Financial Utilities That Are Too Important To Fail


By Gordon Platt

Two years after Dodd-Frank became law, US regulators identified eight “systemically important” clearing and payment firms that provide critical infrastructure to the country’s financial system.

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Systemically important financial utilities named

None of the firms objected to the designation, although they will be subject to increased oversight and costs.

Regulators in Asia complained, however, that US efforts to regulate swaps and other derivatives and force them to be centrally cleared could have unintended consequences in their markets and could cause systemic risk to increase as firms seek to comply with conflicting demands of home and foreign regulators. The US is working through the G20 to try to get Asian nations, as well as those in Europe, to accept global rules that would level the playing field for bank capital requirements and derivatives trading.

Intercontinental Exchange (ICE), whose credit default swap clearinghouse is one of the eight US firms identified as a critical financial utility, said that “the application of uniform rules across systemically important clearinghouses globally will support market confidence and reduce risk.”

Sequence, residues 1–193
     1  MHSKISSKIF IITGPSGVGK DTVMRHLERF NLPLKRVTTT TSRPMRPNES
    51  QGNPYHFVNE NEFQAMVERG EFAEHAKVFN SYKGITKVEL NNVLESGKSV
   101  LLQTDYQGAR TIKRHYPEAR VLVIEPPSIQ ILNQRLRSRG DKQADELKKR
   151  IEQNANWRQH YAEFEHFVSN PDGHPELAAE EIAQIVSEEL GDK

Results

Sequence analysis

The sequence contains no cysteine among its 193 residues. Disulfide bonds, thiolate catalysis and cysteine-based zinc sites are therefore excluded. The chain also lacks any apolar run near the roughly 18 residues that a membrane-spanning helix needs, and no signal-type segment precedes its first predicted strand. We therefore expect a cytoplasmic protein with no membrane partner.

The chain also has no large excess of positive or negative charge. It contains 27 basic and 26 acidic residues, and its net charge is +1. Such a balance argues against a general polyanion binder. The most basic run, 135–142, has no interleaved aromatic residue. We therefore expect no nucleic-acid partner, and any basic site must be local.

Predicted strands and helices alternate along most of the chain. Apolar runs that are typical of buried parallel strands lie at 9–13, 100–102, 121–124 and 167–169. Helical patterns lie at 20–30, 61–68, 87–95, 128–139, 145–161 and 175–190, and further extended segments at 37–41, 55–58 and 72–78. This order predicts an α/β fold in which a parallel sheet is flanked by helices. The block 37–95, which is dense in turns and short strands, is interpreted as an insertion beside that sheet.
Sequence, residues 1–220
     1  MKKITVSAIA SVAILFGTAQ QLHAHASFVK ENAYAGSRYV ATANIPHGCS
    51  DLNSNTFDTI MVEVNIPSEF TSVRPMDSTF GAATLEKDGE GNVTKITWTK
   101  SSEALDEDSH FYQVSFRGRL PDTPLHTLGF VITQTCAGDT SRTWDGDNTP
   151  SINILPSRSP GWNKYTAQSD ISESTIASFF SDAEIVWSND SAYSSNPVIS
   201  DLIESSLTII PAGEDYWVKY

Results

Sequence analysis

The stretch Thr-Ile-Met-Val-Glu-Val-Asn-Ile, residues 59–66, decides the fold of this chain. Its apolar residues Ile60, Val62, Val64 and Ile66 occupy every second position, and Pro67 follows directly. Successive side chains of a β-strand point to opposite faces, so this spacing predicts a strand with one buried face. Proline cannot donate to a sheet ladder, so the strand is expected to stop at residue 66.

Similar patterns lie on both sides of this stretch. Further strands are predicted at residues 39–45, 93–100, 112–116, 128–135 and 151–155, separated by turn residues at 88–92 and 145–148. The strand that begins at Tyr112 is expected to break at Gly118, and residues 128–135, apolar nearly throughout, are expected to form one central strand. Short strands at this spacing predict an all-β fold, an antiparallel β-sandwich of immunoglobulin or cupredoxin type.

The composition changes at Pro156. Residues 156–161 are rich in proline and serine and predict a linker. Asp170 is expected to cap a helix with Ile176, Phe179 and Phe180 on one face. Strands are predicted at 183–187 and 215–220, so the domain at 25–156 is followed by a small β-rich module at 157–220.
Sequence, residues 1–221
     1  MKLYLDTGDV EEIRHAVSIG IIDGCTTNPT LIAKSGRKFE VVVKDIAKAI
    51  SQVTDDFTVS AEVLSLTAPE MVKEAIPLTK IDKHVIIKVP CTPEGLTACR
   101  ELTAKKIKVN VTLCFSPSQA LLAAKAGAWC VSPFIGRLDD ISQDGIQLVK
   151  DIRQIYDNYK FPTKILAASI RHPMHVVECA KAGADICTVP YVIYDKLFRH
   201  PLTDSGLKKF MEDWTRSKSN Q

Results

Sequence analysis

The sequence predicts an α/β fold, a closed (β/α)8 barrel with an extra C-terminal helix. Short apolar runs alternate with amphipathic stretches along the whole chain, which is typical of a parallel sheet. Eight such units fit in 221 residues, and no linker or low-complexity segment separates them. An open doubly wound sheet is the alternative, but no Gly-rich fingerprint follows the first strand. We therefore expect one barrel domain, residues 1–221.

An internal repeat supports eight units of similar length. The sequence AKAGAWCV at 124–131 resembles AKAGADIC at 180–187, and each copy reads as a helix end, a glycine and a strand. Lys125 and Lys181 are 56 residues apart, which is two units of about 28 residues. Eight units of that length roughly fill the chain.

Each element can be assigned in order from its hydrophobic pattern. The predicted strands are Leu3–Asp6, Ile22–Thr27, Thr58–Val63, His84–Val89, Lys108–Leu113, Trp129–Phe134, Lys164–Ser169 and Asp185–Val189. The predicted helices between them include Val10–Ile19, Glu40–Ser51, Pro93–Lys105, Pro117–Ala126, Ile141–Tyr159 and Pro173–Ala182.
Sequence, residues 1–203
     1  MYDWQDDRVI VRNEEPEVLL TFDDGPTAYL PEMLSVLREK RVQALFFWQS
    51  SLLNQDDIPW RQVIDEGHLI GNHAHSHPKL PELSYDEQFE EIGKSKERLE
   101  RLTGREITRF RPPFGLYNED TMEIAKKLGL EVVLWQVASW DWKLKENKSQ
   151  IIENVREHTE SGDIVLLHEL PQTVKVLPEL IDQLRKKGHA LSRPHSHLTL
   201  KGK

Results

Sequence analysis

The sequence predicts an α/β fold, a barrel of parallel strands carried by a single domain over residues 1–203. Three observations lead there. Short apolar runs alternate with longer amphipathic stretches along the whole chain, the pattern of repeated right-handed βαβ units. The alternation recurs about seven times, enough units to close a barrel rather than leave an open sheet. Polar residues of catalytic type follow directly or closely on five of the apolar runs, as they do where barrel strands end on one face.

In 2010 the UK Treasury designated ICE Clear, Europe’s payment system, as a “recognized system” subject to oversight. However, there still is no timetable for global standard-setting bodies to designate “systemically important” financial market infrastructures.

In the European Union, national authorities still regulate derivatives trading. The European Commission would like to see a single regulator for all banks in the eurozone, run by the European Central Bank, but that could take time to coordinate. Meanwhile the CME, another US firm designated as “systemically important,” is planning to open a derivatives market in London to compete with Liffe and Eurex for the business that is heading for exchanges and clearinghouses.

Clearing House Payments, CLS Bank, Depository Trust Company, Fixed Income Clearing, National Securities Clearing, and Options Clearing Corporation are the other US financial utilities named as systemically important.